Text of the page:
Fact #7: Coverage gaps can cost you
If you or your insurer choose not to renew your policy, you still need to find new car insurance coverage.
Not only is it illegal to drive without car insurance, but you may also face higher rates if your insurer sees a coverage gap (most insurers see this as a sign of a high-risk driver). This can make it harder to get affordable coverage in the future. Case in point: A lapse in coverage will cost you an additional $178 annually.
Fact #8: No-fault insurance doesn’t mean it’s not your fault
Despite the name, it matters who caused the accident with no-fault insurance. After an accident, each driver is responsible for their own damages and cannot sue the other driver—even if one party was at fault.
If you’re found to be at fault, you’ll have to pay for any damages, and you may face higher premiums in the future.
Fact #9: Personal items stolen from your car aren’t covered by car insurance
Your renters or homeowners insurance automatically covers items like your laptop and cell phone—even when they're in your car. This coverage is important when you’re on the road, so don't hesitate to take advantage of this perk.
If anything is stolen from your car, you’ll need to file a claim with your home or renters insurance company.
Fact #10: State minimum coverage isn't enough, and opting for "cheap car insurance" may come with hidden costs
While you're legally required to have at least your state's minimum insurance coverage, it's often not enough to fully financially cover you if something were to happen. Also, low-priced policies may seem attractive, but they often involve higher fees, extra charges, and less coverage than needed, which can be costly in the event of a claim or total loss of your car. These additional fees may include initiation fees, transaction fees, and charges for speaking with an agent.
When shopping for coverage, it's important to understand your individual financial needs and the types of coverage available. Don't be afraid to ask your insurance agent questions about coverage so you know exactly what you're getting. It's crucial to carefully review the coverage and potential hidden costs when shopping for car insurance to ensure you're adequately protected at a reasonable price.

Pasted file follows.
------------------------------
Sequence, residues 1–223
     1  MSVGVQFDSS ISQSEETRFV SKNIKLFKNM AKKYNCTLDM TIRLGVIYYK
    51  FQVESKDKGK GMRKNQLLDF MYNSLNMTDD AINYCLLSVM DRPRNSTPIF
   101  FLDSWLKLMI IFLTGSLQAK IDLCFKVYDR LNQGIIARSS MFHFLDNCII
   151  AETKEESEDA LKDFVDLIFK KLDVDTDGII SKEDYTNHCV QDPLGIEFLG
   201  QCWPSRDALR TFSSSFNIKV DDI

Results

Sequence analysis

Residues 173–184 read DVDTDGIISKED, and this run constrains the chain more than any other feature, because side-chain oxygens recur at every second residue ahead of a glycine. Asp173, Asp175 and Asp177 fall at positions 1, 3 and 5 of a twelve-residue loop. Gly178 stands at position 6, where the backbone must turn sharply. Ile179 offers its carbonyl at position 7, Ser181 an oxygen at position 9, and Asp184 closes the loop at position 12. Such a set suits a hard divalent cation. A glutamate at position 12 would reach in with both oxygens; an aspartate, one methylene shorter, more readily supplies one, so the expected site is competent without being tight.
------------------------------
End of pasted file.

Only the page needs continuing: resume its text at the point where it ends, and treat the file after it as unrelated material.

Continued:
Fact #11: You’re not covered if you use your car for business
If you use your car for work, you need to purchase a separate business auto insurance policy. This includes if you make deliveries or provide rideshare services.
Not disclosing that your car will be used for business when getting car insurance is a form of insurance fraud. Your policy may get canceled, or, more seriously, you may face a large fine or jail time.
Fact #12: If someone borrows your car and gets in an accident, you’re on the hook
A common rule of thumb is that your coverage follows the car, not the person. That means your policy covers damage done to your car, no matter who is steering the wheel.
If a friend or family member borrows your car and gets in an accident, you’ll be responsible for filing a claim and may be on the hook for any bills. If someone will be regularly driving your car, it’s recommended that you add them to your policy as a covered driver.
Fact #13: Not everyone is eligible for e-delivery discounts or telematics programs
Some individuals, such as the unbanked or those without credit cards, may not be able to take advantage of e-delivery discounts or participate in telematics programs offered by insurance companies. The unbanked may face difficulties setting up electronic payments or accessing online policy documents, making it impossible for them to benefit from these discounts. Similarly, those without credit cards might not be able to participate in telematics programs, which often require a valid card on file. This limited access to e-delivery discounts and telematics programs can restrict their options for savings and obtaining personalized rates based on their driving habits.
Your auto insurance policy should work for you, not against you. Understanding these facts before you purchase car insurance can give you peace of mind in knowing you have the right policy for you.